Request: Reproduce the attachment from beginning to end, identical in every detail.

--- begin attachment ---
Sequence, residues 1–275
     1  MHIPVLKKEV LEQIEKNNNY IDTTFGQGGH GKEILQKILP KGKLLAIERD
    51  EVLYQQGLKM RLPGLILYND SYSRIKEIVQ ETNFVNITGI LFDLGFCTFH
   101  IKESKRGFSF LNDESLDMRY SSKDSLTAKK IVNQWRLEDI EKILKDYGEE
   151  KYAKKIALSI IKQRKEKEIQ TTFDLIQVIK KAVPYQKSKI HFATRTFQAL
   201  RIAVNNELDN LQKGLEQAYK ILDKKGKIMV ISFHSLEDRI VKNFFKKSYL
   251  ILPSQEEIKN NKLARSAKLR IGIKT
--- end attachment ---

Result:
Sequence, residues 1–275
     1  MHIPVLKKEV LEQIEKNNNY IDTTFGQGGH GKEILQKILP KGKLLAIERD
    51  EVLYQQGLKM RLPGLILYND SYSRIKEIVQ ETNFVNITGI LFDLGFCTFH
   101  IKESKRGFSF LNDESLDMRY SSKDSLTAKK IVNQWRLEDI EKILKDYGEE
   151  KYAKKIALSI IKQRKEKEIQ TTFDLIQVIK KAVPYQKSKI HFATRTFQAL
   201  RIAVNNELDN LQKGLEQAYK ILDKKGKIMV ISFHSLEDRI VKNFFKKSYL
   251  ILPSQEEIKN NKLARSAKLR IGIKT